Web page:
Why Try This?
Besides helping you stare into regrets and reach the strategic level, and bringing unconscious processes into conscious awareness over time, the skill of tracing back your thoughts could be good for memory. I don’t have any studies to back this up, but I’ve heard from a couple of people that remembering things is a skill which improves from use: if you are patient with your memory and wait for it to work, rather than giving up right away, it starts getting noticeably better.
(There are studies which show that practicing memory skill does improve it, but, the ones I know of involve memorizing lists for later recall rather than recalling thinks more randomly without knowing what you’ll need to remember.)
I also think this is good practice for defusion, the skill of de-identifying with your thoughts and feelings. Tracking back on your distracting thoughts helps you shift from thinking “X” to thinking “I had the thought X”. This is helpful for avoiding temptations and managing reactions (basically, willpower), as well as metacognition more generally.
Recalling rapid chains of thought which got you to where you are is also a necessary subskill of the tuning your cognitive strategies skill at bewelltuned. The practice I’m about to describe is actually pretty close to the one at bewelltuned, so that may be good reading material to help with this meditation. Differences:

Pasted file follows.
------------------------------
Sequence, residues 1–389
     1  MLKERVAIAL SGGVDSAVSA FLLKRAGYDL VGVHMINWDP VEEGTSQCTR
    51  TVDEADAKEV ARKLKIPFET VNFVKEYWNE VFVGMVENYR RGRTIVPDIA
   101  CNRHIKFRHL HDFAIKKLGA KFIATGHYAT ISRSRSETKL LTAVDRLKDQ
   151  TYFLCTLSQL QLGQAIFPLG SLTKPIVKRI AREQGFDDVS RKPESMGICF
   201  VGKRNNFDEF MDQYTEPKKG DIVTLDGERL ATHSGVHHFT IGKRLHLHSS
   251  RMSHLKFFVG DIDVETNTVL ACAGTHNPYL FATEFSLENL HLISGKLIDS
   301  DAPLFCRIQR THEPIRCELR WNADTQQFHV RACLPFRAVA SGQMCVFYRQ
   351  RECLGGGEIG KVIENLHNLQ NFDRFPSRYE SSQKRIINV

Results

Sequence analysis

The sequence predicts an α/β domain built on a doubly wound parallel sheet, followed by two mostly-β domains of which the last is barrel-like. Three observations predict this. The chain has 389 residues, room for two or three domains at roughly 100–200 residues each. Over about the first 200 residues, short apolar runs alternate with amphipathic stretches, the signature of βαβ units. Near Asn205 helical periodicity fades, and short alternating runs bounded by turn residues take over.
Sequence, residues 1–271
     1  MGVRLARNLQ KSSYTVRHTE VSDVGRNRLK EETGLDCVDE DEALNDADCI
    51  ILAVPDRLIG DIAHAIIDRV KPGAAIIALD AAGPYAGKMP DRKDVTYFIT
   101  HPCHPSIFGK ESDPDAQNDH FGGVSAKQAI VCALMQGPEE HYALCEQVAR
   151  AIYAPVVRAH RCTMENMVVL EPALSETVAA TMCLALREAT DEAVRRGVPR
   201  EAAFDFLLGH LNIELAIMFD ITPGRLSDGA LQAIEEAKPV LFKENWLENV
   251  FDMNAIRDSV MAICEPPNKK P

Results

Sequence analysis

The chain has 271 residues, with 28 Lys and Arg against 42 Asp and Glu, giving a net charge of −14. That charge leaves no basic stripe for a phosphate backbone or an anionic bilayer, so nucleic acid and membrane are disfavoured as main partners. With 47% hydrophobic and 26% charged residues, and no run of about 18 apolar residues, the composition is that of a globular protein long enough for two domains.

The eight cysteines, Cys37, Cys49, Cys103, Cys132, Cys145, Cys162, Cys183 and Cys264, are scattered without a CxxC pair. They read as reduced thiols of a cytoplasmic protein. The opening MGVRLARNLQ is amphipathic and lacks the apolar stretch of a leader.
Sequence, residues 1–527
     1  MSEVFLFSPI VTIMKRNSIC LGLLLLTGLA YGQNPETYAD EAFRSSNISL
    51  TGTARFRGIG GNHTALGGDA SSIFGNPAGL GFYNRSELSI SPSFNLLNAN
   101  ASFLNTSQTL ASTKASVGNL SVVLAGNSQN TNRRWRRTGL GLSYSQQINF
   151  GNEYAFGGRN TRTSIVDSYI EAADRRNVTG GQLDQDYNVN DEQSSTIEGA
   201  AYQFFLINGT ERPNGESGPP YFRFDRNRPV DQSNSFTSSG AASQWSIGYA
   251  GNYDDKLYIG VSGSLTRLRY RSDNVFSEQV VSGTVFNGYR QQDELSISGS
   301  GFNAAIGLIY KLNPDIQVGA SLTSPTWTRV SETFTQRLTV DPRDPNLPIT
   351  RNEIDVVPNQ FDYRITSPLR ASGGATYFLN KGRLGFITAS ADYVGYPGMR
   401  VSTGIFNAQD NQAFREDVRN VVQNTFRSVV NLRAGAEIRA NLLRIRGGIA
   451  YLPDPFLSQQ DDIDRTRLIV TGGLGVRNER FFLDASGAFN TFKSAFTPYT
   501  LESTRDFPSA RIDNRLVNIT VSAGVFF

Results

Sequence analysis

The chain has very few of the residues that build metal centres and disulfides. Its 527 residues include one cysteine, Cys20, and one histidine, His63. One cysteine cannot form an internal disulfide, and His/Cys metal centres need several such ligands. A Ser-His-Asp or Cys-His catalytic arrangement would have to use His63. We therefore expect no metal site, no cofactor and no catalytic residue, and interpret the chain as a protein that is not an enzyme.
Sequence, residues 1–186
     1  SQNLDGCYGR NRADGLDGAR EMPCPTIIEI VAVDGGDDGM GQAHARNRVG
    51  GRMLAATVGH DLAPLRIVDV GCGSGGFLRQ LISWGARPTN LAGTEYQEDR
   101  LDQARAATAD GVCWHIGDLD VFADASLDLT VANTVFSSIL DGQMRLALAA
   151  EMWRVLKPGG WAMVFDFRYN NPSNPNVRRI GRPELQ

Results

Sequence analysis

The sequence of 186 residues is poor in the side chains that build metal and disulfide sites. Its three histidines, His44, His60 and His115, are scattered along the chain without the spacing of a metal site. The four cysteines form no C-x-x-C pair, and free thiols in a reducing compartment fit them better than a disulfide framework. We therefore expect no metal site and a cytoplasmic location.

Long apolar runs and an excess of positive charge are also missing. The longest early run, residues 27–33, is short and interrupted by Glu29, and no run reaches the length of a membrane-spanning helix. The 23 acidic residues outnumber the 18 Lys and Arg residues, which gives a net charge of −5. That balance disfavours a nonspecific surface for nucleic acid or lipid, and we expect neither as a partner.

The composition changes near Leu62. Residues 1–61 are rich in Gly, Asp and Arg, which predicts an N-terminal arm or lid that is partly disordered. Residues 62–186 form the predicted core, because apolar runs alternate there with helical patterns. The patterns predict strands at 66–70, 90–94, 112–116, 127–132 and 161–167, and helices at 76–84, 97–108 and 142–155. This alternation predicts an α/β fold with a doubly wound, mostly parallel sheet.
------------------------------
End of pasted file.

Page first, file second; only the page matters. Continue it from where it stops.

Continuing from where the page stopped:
Bewelltuned is describing a more active exercise which you do while solving a puzzle. I’m doing it with my eyes closed and no task at hand.
Bewelltuned is combining the skill of rapid metacognition about how your thoughts got to where they are with the problem of credit assignment, noticing which thoughts were useful.
The idea is simple: every time you notice that you’re distracted, track back mentally. What sequence lead you here? Try to recall in as much detail as possible.
What is the “central focus” which you are trying to attend to, so that you know when you’re distracted? There are a couple of options here.
You could choose to focus on your breath, as is common, and only do a track-back when you notice that your attention has strayed from your breath. I did this a little, but it really means you’re switching between two primary objects of focus: the breath, and the track-back mental motion. This can be a little confusing.
Alternatively, you can think of the track-back mental motion itself as the object of focus. When I do it this way, the object of meditation which I return to when I don’t have any distractions to track-back is a track-back of the fresh moment I find myself in. How did I end up here?